Where does the concept of rights come from? It comes from the medieval concept of the divine rights of kings. The divine rights of kings claimed that a king (or queen) is pre-selected prior to their birth to be the king or queen by God. Of course in modern times we dismiss this as some nonsense used to justify one group being more powerful than another group. In that case, can we not also dismiss modern human rights as a moral justification for one group having more power than another?
The title of this blog post comes from a youtube comment left by a woman on a church confession style video of a spectacled former incel admitting to his sin of misogyny to a priestly faced podcast host. Another comment which I also considered using as the title for this blog post read “Girls don’t owe anybody sex or affection. Ever.” Another comment, “This is why women are afraid to bluntly reject men. So many women are injured and killed for saying no.” And the final comment I will quote read “Entitlement is a hell of a drug.”
I will leave this clip of George Carlin to deliver the coup de grâce on the concept of human rights.
To put it bluntly, the term “rights” when invoked is obscurantist in the sense that it hides the difference in power which caused the disagreement in the first place with a pretty word. I would like to take this opportunity to tap my hammer on another idol and see if it is hollow too. The idol of “negative liberty” by contrasting it with the much villainized “freedom as a first principle” (positive liberty).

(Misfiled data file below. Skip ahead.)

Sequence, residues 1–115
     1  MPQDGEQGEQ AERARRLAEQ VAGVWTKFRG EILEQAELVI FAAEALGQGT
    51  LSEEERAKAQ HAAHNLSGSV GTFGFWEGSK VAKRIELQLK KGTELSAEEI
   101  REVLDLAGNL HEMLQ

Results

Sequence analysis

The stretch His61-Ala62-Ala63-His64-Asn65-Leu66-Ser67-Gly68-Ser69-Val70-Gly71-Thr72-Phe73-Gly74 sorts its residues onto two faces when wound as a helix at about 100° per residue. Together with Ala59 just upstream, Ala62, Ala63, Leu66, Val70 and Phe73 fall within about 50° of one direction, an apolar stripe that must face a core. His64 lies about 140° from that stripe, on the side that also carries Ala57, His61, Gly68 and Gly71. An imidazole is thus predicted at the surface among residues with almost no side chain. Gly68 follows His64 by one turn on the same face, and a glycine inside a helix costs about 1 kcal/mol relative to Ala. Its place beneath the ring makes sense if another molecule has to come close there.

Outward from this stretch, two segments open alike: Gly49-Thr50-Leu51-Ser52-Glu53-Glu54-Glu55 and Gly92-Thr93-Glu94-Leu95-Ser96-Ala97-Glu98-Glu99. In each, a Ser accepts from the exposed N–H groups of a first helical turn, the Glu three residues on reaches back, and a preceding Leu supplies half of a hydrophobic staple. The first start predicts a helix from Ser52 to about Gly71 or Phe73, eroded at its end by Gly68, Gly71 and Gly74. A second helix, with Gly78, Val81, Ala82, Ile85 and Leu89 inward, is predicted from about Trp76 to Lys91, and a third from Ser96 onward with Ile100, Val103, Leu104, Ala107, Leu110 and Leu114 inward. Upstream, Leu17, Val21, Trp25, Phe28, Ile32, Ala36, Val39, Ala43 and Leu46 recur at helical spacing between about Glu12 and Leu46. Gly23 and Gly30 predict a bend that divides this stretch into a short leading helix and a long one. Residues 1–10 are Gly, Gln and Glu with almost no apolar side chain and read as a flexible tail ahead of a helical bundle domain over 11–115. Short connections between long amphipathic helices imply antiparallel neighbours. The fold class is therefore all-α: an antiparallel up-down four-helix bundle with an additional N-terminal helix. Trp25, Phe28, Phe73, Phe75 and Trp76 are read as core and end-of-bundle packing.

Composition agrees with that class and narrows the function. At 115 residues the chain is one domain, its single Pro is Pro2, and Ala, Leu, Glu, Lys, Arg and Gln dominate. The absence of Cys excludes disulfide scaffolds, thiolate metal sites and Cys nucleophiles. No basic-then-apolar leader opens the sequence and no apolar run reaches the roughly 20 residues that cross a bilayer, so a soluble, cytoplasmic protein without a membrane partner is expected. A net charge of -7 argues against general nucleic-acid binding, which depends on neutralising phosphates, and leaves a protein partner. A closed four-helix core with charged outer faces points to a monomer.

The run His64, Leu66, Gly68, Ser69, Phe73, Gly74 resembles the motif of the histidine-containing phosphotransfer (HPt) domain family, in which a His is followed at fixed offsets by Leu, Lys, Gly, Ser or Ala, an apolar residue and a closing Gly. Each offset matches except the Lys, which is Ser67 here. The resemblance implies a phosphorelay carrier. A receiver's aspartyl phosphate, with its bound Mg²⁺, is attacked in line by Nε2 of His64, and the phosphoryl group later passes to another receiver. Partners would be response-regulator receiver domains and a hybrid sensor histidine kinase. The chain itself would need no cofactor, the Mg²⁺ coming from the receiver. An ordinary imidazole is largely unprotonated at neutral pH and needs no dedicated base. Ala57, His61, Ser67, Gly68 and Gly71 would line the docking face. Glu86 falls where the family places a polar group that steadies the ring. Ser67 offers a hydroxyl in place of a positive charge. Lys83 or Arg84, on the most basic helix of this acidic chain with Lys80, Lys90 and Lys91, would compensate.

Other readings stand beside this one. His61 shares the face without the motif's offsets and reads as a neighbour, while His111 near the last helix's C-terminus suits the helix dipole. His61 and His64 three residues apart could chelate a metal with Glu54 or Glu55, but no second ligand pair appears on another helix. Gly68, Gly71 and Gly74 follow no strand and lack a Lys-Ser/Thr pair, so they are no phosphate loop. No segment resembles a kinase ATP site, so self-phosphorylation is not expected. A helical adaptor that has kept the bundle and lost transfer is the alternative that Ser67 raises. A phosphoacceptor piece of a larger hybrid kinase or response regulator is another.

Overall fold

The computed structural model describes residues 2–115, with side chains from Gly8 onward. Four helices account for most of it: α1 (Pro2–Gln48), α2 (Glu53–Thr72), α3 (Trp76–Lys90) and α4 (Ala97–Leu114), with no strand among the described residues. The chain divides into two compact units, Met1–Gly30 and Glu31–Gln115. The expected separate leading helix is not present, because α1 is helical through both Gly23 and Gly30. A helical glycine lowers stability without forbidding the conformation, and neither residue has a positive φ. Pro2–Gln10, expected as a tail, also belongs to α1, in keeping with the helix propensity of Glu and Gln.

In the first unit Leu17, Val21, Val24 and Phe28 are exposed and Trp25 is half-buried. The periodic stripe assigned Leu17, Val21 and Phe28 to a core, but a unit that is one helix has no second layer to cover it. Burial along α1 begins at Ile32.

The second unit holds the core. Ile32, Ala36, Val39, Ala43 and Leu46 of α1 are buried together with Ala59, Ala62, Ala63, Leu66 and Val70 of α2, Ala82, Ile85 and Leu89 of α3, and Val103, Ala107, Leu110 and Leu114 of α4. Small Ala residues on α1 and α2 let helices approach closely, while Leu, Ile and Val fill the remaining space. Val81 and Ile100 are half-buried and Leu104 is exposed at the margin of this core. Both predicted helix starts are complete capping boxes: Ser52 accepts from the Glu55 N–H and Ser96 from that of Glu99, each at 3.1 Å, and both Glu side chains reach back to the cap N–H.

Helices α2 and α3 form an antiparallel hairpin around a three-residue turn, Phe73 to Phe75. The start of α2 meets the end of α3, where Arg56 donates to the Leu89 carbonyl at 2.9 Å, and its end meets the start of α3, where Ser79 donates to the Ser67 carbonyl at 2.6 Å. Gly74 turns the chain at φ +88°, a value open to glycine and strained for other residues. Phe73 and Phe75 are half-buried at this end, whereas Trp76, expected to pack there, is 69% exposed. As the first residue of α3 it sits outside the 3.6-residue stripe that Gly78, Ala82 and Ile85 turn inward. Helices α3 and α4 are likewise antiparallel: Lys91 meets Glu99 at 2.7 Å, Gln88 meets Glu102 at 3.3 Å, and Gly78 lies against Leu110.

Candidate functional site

As Karl Marx rightly noted, “No man fights freedom; he fights at most the freedom of others.” This criticism is against “positive” liberty which is “liberty to” as in power to do x or y. In this definition, liberty/freedom is power. If you don’t have the power to do something then you don’t have the liberty to do it either because power and freedom/liberty are the same thing. This concept of freedom/liberty is obviously incompatible with equal rights because the same rights invariably benefit one group over another and some individuals over others.
As for “negative liberty” this is the libertarian view that liberty consists of the absence of outside forceful compulsion except when you breach a contract you entered into “voluntarily.” If all you care for is productivity then this view of liberty is suitable. The problem with “voluntary contracts” is that some groups of people will be able to enter contracts that are beneficial for them over other groups of people. Groups of people who entered worse contracts may have entered them ‘voluntarily’ but only because others have power over them.
Negative liberty is meaningless to those without positive liberty. If you do not have the power to do something then it is meaningless that you have the freedom to do it. Some of the women in the comments were quick to point out that incels viewed relationships in terms of power (just like feminists and other leftwing academics do I might add) but to this, I would say that it is quite easy not to view it in terms of power when you are the party which is in power. For those power, in the advantageous position, it is much easier to view the current social contract in terms of ideals like freedom, equal rights or the divine rights of kings for that matter.
In summary, you can have equal rights without any actual equality. This appears to be the relationship between incels and young women.